The History Department’s own blog contributor and MA student, Martin Nelson, spent the beginning of his summer helping the Fordham Classics Department guide a study tour that explored ancient Roman sites in Naples, Ostia, Herculaneum, Pompeii, and, of course, Rome. As part of the blog’s Postcard series, he had this to say about the experience…
Thanks in part to some generous grants from Fordham, I joined Professors Matt McGowan and Bryan Whitchurch in the waning days of May as they led undergraduates from multiple departments through the ancient sites in and around Naples and Rome. The study tour was run in conjunction with the Paideia Institute, an interdisciplinary organization that aids groups with European study tours.
My role on the trip was threefold. As a medieval historian with a background in Late Antiquity, I supplemented the site presentations of both professors and students with additional medieval information whenever appropriate. To test the students’ knowledge on their individual sites, I often asked pointed questions they could only answer if they had read beyond the normal survey books on their subject or site. For those in honors programs or considering graduate school, I would pose these questions on the spot during their presentations, but for those who joined the tour as part of a broader degree requirement or simply for fun, I asked them privately afterwards. It wasn’t pure schadenfreude that led me to ask these questions, but my own interest in the subjects as well. I wanted to know the answers!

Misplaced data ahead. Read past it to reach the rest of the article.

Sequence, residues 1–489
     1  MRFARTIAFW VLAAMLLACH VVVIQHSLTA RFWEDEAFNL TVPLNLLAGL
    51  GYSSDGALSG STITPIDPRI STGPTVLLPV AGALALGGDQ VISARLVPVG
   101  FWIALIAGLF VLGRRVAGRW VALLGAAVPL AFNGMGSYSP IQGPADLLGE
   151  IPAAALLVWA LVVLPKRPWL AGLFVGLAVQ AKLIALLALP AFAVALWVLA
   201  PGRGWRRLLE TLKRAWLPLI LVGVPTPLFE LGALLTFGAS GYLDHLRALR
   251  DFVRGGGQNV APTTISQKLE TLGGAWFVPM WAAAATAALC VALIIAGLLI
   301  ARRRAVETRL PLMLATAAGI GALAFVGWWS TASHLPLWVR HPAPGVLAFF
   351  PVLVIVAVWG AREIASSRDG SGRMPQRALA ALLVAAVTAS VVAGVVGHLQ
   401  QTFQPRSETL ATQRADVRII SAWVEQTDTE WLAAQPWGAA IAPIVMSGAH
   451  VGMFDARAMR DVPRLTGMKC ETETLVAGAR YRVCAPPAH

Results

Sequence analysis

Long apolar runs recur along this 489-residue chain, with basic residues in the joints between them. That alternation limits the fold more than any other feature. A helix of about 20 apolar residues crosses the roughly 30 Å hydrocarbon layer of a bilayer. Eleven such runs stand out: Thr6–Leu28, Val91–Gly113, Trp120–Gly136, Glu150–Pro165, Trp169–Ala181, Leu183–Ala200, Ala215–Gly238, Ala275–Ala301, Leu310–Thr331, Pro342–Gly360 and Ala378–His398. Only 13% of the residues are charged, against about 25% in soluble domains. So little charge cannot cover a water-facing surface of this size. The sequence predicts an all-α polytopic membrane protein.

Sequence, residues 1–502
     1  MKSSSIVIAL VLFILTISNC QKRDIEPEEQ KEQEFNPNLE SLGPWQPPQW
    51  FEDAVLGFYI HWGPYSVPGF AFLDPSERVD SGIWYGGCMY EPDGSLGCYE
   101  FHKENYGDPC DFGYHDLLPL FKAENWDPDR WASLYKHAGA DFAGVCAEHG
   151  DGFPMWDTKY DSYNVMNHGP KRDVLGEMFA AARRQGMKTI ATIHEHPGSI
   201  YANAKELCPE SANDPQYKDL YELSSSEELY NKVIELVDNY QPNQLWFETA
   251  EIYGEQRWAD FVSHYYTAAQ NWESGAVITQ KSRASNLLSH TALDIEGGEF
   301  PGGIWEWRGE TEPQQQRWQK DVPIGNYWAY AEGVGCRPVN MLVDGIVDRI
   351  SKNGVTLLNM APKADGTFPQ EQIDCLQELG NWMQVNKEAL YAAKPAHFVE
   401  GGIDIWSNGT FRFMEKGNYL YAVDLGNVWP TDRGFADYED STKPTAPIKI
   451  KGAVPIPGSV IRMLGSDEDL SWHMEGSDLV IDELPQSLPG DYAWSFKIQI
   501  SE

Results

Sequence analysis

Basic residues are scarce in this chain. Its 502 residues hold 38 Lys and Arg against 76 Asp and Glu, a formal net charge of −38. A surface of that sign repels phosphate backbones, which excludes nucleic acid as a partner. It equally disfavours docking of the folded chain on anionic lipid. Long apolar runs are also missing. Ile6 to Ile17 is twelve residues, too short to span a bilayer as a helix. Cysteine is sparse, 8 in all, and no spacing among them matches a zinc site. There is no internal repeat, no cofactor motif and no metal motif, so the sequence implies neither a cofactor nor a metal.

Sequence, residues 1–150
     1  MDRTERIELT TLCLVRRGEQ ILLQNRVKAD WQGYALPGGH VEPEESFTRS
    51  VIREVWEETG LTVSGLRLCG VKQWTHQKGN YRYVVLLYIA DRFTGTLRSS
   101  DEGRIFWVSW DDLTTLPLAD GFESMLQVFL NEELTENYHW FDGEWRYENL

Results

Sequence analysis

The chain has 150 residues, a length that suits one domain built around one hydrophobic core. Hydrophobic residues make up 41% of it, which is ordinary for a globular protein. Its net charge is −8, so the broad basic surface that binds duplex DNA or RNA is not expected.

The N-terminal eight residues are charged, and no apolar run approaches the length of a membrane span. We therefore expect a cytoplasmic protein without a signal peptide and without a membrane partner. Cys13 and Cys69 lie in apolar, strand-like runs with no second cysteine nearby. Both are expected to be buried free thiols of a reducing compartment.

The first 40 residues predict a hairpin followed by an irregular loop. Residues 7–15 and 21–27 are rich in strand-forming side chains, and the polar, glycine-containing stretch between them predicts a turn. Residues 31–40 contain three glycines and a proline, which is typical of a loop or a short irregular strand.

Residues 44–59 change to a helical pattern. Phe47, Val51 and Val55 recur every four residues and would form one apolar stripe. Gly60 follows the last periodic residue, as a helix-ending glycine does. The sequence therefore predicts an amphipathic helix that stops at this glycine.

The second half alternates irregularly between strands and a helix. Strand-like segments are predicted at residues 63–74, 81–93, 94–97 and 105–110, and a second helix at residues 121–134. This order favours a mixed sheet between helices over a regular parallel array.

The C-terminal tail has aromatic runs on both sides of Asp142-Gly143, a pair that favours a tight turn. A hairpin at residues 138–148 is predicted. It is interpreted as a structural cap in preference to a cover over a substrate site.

The second element of the tour was research. I received two grants from Fordham to explore the importance of location in religious sites so that I might better understand the concept outside of my geographical and temporal focus present in my own research. My thesis explores the importance of location highlighted in religious text for the purpose of establishing a new royal cult site in high medieval Denmark, and this trip allowed me to examine the concept’s universality or lack thereof at the Cathedral of San Gennaro in Naples and the Basilica of San Clemente in Rome. I would also like to extend my sincerest thanks to the Rector of San Clemente, Father McCarthy, for providing me access and permission to photograph the Mithraic temple and Mithraic schoolroom below the church. These sites are normally off limits to the public, and photography throughout the church is strictly prohibited. I’m hoping the photographs I took will help me understand how early Christians felt about locations when choosing their places of worship. Since I am prohibited from posting my own pictures of the restricted areas of San Clemente, the attached picture comes from the Basilica’s website and not my own camera.
The final element of this trip was as chaperone. Professors McGowan and Whitchurch maintained a tight schedule, and were always leading the group of undergraduates through the busy streets of the Urbs Aeterna. As anyone who has been on Fordham’s Camino trip can attest, not everyone moves at the same pace. Having traveled extensively prior to graduate school, they trusted me to ensure any straggling students did not get lost, separated, or end up as the subject for the next Liam Neeson movie. The students were well behaved, yet often lagged behind to take pictures of the limitless ruins, monuments, and churches. As a result of my ushering them along to stay with the rest of the group, the students quickly gave me the moniker “Uncle Marty”.
The trip was an overall fantastic learning experience both pedagogically and academically. My own research and experience with accessing archeological sites grew immensely as a result of the study tour with the Classics Department. I only wish that I could accompany the Classics to Greece this year.